Thursday, May 6, 2010

Supreme Hummus

Day 86 of the "What are you reading, and why?" project. Robert has finished Supreme Power, by Jeff Shesol, and moved on to Empire of Liberty, by Gordon S. Wood. Whew! Robert reads a lot! And he reads an amazing variety of books--these are history, but, if you read this blog fairly regularly, and also his comments, you see is also a connoisseur of mystery!

The Shesol book, as the subtitle tells us, is about Franklin Roosevelt vs. the Supreme Court, and the interactions of the President, the Senate, the judiciary, and the New Deal. It's complicated. Whoa. Oddly, the current Amazon page for Supreme Power also has a pictorial ad for It's Complicated (on blu-ray & DVD), showing Meryl Streep in bed with Alec Baldwin. Politics: who's in bed with whom, eh?

Speaking of legal tangles and past Presidents, I just learned from the blog Hummus Anonymous that today is the National Day of Prayer, thanks to Harry S Truman. (If you click the link you may 1) drool over the list of Cinco de Mayo party foods, and 2) be reminded of the ironies of U.S. citizens celebrating a minor Mexican holiday with the Midwest and, of course, Arizona. (These links may also 1) make you a fan of Kim, blogger, and 2) addict you to hummus.)

Empire of Liberty is about (its subtitle:) A History of the Early Republic, 1789-1815, by a scholar of the American Revolution, and is Volume 8 in the Oxford History of the United States. I have a feeling Robert will read the entire series! It looks closely at that crucial and confusing time after the astounding American political revolution toward personal liberty to see if the new Constitution and its republic can indeed survive. The year 1789 reminds us of the French Revolution and the danger of excess, chaos, and confusion when people throw off the powers that oppress them. Wood documents a more peaceful enactment of a political system founded on respect for personal liberty.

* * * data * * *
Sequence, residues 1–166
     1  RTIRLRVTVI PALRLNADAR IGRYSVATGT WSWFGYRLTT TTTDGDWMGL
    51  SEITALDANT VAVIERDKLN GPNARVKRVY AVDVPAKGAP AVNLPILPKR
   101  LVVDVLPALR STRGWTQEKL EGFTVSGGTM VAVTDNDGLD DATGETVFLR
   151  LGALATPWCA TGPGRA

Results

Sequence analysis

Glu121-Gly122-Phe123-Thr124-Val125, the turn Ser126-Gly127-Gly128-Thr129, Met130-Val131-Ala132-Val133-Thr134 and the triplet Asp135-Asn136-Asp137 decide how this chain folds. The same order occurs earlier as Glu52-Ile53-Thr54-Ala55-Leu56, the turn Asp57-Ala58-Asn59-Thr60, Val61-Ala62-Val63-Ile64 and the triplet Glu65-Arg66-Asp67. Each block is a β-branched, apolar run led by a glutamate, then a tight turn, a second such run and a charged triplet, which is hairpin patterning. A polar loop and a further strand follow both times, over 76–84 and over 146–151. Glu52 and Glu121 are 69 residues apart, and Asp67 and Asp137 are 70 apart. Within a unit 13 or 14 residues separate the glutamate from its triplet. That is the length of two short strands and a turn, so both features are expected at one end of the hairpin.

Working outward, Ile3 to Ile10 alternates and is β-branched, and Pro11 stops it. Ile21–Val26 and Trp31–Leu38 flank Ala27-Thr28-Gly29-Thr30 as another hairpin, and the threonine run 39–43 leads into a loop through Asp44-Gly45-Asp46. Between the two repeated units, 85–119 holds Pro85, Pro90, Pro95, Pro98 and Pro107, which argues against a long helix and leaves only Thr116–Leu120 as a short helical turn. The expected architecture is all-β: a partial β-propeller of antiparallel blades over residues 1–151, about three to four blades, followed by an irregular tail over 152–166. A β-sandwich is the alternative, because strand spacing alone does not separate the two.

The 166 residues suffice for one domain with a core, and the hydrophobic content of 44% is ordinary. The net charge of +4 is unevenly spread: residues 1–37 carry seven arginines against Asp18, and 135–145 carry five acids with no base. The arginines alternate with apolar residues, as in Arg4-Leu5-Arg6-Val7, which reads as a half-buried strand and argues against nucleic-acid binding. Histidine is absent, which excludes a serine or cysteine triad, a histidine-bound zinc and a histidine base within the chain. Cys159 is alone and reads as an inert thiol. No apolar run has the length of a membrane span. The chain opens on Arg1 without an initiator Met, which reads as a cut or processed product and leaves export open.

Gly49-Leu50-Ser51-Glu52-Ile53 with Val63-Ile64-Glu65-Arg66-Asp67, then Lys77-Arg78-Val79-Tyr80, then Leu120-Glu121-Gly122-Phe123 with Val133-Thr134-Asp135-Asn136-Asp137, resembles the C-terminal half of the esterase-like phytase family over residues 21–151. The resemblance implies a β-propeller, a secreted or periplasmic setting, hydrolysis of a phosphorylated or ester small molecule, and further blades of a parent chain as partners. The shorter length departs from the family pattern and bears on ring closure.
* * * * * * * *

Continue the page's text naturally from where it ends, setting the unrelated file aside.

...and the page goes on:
Again, it's complicated, and, again, the movie ad appears, a movie I saw with blogger Kim, as a matter of fact, in the wild world of wacky coincidence and random hummus!


Kim said...

and the word I had to type for that post was "coneups" which sounds like a new brand of bra from Victoria's Secret which will be coming out soon!

Kim said...

I am honored to be honored in your most honorable blog! I will make you hummus or a pie or take you to a complicated movie for this honor!

Kathleen said...

Coming out, indeed.

Anonymous said...

Part of the attraction is the mystery of history - to at least approach a glimmering of understanding how we got where we are, we should explore where we came from. Gordon Wood is a good place to start, with "The Creation of the American Republic" and "The Americanization of Benjamin Franklin" (good books to read, and re-read - I bought new copies of both books last year, to supplement the ones I already had).

But, for another good pair of books about the emerging Republic, last year I read Richard N. Rosenfeld's "American Aurora: The Suppressed History of Our Nation's Beginnings and the Heroic Newspaper Who Tried to Report It" (about, in part, Franklin's grandson, Benjamin Franklin Bache) and Roger G. Kennedy's brilliant "Burr, Hamilton, and Jefferson: A Study in Character." Very different stylistically from each other. (And, truth to tell, between Wood, Rosenfeld, and Kennedy - I'd pick Kennedy for felicity of expression. He's a great read.)

So far, of the eight volumes of the Oxford History of the United States, I've only read James McPherson's "Battle Cry of Freedom: The Civil War Era," David M. Kennedy's "Freedom from Fear: The American People in Depression and War, 1929-1945," and James T. Patterson's "Grand Expectation: The United States, 1945-1974." So the current volume will only get me half-way through the set.

Before I start on volume five, though, I know I'm going to re-read "The Girl Who Kicked the Hornet's Nest" - just as soon as I get it back from the friend I lent it to! (Still wishing they'd figure out what to do with the portions of book four that had been completed before Stig Larsson died, too.)